The telegraph is an instrument used to send messages to a distance by means of electricity. It is usually worked by electrical current or by an electromagnet. The instrument is made up of four separate parts :
(1) the generator, or battery to generate the electricity;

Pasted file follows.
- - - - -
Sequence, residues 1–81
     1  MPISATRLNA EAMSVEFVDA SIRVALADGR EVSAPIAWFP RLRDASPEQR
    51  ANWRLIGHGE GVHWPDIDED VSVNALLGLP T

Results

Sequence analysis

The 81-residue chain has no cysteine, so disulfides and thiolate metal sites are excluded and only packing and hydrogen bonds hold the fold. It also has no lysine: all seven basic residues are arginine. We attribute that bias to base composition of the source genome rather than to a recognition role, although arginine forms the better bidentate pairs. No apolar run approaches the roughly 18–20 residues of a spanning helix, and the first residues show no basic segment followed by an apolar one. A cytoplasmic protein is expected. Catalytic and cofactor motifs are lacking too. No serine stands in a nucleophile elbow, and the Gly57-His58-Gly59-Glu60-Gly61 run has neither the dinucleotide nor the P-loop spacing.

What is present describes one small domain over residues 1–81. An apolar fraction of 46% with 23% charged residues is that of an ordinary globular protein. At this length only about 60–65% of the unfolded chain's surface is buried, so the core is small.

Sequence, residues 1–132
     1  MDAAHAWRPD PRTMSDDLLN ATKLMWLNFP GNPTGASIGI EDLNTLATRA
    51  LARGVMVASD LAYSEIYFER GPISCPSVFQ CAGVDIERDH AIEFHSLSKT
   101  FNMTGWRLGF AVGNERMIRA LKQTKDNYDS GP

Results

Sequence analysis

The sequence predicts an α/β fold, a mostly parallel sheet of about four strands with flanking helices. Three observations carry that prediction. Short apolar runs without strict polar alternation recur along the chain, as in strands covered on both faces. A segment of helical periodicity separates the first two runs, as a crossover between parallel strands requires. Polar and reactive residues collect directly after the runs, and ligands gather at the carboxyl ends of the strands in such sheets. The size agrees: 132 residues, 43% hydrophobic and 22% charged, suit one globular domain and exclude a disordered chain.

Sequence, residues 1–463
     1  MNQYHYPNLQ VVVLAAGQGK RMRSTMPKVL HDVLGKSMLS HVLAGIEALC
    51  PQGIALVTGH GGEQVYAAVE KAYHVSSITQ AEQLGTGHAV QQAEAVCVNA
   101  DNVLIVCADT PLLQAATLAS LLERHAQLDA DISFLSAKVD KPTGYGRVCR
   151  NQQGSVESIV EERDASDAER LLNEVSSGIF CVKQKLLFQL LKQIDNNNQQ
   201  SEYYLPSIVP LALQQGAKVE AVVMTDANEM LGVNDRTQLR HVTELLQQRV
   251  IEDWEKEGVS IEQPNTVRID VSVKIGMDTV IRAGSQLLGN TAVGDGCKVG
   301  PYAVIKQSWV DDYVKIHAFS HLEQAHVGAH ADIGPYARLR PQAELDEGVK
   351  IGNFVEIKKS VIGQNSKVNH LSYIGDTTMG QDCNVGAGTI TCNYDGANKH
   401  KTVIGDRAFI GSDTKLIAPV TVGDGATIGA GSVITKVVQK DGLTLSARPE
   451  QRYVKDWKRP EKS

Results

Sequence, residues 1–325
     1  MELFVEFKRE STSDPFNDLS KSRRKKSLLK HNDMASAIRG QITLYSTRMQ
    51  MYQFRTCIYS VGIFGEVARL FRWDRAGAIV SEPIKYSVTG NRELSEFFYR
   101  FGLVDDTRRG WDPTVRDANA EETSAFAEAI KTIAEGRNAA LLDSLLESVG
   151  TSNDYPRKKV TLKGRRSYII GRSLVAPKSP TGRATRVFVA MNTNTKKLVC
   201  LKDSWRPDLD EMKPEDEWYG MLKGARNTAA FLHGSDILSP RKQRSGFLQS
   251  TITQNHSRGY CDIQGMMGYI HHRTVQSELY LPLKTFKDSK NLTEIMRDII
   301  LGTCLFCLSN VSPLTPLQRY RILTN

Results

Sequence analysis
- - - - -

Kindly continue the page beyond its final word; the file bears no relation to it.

(2) the conductor, or insulated wires by which the electric current is carried to any distance; (3) the transmitter, or instrument which regulates the flow of electricity; and (4) the register, which records the signals. The generator is made up of one or more voltaic batteries, each of which is composed of a number of cells connected in a series. The Grove cell was formerly much used and then the Daniell cell; but a cell called the gravity cell, which is as good as either of these two and a great deal cheaper, is now commonly employed. To send a message a long distance a stronger battery is needed than to send one a short distance. A battery can be made stronger by adding more cups or cells to it.